Before going further, what is an attosecond? It's 10-18 second or just a billionth of a billionth of a second. This article from DISCOVER says that researchers reached this new limit in time using high-energy laser pulses. Here are some excerpts.
Recently, an international team of physicists finally succeeded in breaking the so-called femtosecond barrier. With a complex, high-energy laser, they generated a pulse of light little more than half a femtosecond long -- 650 attoseconds, to be precise.
"This is the real timescale of matter," says Paul Corkum, a physicist with the Steacie Institute for Molecular Sciences in Ottawa and one of the principal investigators in the study. "We're gaining the ability to look at the microworld of atoms and molecules on its own terms."
What are the potential usages of this new unit?
The femtosecond is great for handling whole atoms and molecules. But for the physicist interested in electrons, which are far smaller, lighter, and faster than the atomic nuclei they swarm around, that timescale is just too slow. "We're interested in taking this a step further," says Ferenc Krausz, a principal investigator of the study and a physicist at the Photonics Institute at the Vienna University of Technology.
No sooner had the physicists caught an attosecond pulse than they demonstrated its usefulness. They aimed an attosecond pulse and a longer pulse of red light into a gas of krypton atoms. The attosecond pulse excited the krypton atoms, kicking electrons free; then the red-light pulse hit the electrons and took a reading of their energy. By adjusting the time delay between the two pulses, the scientists gained a very precise measurementówithin a matter of attosecondsóof how long it takes the electron to decay. Never before had electron dynamics been studied on so short a timescale.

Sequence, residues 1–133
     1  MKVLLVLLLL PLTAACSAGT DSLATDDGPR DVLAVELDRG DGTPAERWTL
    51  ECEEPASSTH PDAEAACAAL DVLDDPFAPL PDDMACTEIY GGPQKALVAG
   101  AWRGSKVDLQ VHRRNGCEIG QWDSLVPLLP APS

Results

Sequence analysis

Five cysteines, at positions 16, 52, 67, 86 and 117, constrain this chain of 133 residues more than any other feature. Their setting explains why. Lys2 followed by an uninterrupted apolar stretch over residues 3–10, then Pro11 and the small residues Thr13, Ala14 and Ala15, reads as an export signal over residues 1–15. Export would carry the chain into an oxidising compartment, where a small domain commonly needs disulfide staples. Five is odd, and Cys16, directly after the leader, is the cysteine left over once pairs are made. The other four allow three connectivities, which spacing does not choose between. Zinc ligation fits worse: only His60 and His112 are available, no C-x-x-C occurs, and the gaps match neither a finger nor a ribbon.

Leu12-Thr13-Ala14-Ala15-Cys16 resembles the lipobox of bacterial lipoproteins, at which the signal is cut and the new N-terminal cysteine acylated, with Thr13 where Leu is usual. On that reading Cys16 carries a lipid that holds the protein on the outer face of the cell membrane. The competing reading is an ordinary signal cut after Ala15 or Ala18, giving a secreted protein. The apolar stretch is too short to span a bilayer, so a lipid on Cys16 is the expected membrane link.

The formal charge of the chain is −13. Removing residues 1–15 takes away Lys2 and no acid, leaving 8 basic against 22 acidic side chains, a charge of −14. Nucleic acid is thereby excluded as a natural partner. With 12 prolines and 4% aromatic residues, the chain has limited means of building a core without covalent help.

Here is an illustration showing the attosecond pulse generation and detection, from the Max Planck Institute for Quantum Optics.
But obviously, these physicists are not yet satisfied and want to go further.
Of course, one day, perhaps not so very far in the future, even the speedy attosecond will fail to satisfy. Electrons will look downright poky. "As you go into smaller structures of matter, inside the atomic nucleus, processes become even faster," Krausz says. "In nuclear physics, the natural timescale is several orders of magnitude faster -- in the realm of zeptoseconds," or sextillionths of a second.
Please read the full article for more details, illustrations, and related websites
Source: Alan Burdick, DISCOVER Vol. 24 No. 6 (June 2003)
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